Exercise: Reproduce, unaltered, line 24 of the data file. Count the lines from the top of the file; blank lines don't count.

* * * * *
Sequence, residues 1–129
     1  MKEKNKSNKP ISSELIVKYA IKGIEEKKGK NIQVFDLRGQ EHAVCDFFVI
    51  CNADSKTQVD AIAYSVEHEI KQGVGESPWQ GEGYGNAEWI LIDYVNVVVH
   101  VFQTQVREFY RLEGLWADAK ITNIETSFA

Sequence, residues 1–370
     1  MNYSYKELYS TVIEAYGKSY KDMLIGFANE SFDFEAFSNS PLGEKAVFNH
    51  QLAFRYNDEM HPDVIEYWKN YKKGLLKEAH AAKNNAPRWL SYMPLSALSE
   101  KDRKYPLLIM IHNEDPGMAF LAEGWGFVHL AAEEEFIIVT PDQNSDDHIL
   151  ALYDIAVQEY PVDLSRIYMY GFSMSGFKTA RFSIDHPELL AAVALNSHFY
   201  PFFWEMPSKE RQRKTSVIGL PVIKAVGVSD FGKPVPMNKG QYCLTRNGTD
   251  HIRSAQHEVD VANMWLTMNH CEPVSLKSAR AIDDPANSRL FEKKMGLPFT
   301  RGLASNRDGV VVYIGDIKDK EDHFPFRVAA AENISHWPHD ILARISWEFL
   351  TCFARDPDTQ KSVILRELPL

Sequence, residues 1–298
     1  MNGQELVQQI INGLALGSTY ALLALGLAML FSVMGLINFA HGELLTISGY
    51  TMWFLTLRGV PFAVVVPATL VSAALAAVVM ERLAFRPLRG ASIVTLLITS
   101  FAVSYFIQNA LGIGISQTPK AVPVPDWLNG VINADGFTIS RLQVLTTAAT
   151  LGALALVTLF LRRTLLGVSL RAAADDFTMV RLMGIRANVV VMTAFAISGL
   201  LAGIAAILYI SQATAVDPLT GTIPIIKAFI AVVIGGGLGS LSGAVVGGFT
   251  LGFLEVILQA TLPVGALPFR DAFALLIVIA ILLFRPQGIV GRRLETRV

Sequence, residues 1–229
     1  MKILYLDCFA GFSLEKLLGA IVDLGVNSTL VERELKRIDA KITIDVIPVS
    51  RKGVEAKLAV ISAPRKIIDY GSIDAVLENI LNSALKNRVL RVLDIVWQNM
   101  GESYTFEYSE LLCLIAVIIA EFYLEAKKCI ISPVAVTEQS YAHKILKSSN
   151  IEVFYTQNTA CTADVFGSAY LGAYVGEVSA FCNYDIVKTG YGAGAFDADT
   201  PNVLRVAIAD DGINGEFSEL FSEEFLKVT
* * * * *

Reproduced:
   101  GESYTFEYSE LLCLIAVIIA EFYLEAKKCI ISPVAVTEQS YAHKILKSSN